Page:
There is nothing passive in my will when the lion of lust comes out of the bushes. I don’t lie down and wait for a miracle. I act the miracle. I will explain that phrase in just a moment.
What I realized was that I was not applying any of this same gospel vigilance—what Peter O’Brien calls “continuous, sustained, strenuous effort” against my most besetting sins. I was strangely passive, victim-like. I had the unarticulated sense (mistakenly) that these sins (unlike sexual lust) should be defeated more spontaneously. It should all happen naturally from the inside out. “Out of the abundance of the heart the mouth speaks” (Matthew 12:34). And if I tried to attack them with my will the way I did sexual lust, it would produce external conformity, not internal change. But I never let that thought stop me from attacking lust.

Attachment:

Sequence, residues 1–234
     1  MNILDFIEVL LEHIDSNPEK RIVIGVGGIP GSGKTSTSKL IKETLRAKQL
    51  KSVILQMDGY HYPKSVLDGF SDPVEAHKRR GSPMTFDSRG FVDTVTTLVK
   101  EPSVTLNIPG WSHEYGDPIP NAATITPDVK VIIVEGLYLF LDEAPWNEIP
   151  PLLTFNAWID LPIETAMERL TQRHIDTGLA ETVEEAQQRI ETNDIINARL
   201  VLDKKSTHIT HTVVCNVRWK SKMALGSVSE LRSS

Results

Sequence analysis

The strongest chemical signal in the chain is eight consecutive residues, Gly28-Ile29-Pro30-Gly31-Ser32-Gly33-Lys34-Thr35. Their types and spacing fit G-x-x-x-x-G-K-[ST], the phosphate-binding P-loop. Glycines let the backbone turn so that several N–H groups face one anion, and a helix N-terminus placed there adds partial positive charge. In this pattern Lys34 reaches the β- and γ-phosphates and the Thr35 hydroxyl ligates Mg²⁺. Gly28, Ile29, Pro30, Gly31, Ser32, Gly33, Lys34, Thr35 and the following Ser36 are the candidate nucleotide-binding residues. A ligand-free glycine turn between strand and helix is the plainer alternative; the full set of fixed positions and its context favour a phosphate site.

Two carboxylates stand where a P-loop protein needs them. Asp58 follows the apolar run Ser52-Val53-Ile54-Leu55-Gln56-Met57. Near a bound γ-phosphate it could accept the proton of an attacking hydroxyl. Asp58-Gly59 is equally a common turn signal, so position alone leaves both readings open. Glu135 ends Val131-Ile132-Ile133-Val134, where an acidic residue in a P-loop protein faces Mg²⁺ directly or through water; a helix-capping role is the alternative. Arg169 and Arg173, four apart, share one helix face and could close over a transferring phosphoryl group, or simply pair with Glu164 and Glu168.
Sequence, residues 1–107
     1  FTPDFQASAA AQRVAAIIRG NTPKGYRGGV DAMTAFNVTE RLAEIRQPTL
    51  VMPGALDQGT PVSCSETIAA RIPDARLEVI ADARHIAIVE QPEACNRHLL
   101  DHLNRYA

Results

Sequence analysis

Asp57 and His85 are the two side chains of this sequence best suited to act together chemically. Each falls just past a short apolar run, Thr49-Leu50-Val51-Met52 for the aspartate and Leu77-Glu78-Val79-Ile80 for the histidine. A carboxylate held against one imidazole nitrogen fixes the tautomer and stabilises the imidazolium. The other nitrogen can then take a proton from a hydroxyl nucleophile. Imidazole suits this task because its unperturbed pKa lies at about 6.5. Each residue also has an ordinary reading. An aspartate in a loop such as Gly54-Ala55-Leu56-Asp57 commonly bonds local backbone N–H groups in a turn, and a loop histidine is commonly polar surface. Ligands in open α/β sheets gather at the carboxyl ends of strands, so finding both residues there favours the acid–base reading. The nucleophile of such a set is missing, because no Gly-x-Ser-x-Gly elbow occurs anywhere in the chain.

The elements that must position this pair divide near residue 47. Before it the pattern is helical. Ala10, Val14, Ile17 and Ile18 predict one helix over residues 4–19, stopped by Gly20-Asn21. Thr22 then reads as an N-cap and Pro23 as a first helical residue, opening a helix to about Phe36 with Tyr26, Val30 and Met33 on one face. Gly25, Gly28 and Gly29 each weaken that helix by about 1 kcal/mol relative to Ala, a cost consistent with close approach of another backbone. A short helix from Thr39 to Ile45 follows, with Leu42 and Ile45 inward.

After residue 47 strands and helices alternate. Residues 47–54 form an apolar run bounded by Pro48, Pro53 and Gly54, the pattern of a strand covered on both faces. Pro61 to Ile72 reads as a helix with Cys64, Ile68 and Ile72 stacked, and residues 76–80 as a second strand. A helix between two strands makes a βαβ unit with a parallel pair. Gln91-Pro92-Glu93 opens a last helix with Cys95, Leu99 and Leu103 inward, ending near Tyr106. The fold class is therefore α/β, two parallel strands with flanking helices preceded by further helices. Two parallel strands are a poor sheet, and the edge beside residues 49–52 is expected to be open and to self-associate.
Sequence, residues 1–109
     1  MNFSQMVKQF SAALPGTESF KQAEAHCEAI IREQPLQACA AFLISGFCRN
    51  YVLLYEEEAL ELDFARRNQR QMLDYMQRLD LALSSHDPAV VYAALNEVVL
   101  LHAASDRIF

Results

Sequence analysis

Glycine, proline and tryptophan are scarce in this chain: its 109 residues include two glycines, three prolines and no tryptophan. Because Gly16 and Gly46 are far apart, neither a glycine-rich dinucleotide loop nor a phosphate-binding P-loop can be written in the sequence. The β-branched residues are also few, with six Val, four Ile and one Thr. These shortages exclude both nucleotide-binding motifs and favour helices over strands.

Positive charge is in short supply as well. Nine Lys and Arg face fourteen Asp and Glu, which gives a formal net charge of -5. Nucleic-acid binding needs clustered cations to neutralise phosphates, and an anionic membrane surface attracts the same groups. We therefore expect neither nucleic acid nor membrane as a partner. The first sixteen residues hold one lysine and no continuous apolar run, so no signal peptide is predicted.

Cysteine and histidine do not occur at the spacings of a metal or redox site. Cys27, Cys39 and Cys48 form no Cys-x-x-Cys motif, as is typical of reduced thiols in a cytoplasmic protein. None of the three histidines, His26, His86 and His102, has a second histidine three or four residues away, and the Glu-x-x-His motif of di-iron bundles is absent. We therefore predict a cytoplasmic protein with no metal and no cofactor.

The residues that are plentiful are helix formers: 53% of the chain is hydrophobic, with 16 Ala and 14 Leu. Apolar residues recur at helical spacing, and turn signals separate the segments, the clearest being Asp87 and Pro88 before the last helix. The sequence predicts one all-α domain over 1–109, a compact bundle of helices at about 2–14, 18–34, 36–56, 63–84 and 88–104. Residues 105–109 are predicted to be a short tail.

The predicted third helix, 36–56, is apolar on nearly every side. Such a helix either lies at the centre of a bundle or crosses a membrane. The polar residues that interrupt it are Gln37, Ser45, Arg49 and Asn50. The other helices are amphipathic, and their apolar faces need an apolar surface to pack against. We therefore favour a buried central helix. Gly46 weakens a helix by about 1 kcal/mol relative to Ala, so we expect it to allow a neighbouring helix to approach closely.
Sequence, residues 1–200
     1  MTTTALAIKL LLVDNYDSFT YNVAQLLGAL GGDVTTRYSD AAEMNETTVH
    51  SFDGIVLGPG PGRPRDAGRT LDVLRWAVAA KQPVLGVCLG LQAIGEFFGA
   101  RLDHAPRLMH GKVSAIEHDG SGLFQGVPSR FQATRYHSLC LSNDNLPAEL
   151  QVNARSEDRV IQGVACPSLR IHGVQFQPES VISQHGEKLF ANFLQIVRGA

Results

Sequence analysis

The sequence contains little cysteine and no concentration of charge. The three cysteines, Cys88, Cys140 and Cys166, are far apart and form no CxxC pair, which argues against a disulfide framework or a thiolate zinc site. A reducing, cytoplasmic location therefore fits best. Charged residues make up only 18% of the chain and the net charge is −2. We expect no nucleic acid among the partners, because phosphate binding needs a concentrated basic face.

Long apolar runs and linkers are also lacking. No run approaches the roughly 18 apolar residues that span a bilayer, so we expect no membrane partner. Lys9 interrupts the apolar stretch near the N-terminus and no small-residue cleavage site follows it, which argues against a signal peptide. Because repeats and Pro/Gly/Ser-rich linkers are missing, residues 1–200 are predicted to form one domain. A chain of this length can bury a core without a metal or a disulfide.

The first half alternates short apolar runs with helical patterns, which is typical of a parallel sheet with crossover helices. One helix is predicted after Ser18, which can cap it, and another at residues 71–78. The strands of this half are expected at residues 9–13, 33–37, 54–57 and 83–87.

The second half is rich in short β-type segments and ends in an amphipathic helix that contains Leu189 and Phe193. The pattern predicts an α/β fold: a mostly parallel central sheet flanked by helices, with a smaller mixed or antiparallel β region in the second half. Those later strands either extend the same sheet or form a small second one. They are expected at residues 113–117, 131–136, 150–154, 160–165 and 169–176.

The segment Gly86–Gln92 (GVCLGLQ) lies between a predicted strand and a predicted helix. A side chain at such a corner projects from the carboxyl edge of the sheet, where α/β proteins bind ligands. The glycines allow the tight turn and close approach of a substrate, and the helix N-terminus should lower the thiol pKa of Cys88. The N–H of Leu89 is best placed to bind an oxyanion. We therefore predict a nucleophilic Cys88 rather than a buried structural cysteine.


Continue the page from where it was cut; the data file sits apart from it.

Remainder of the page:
Broken by Philippians 2:12–13
The text that broke through was Philippians 2:12–13,
Therefore, my beloved, as you have always obeyed, so now, not only as in my presence but much more in my absence, work out your own salvation with fear and trembling, for it is God who works in you, both to will and to work for his good pleasure.
I saw three things in a fresh light.
1. I saw afresh that the verb, “work out you salvation” (Greek katergazesthe) means produce, or bring about, or effect. And Peter O’Brien in his Philippians commentary sums it up with the phrase “continuous, sustained, strenuous effort.” As dangerous as this language is, it is biblical. “Bring about your salvation.” “Produce your salvation.” “Effect your salvation by continuous, sustained, strenuous, effort.”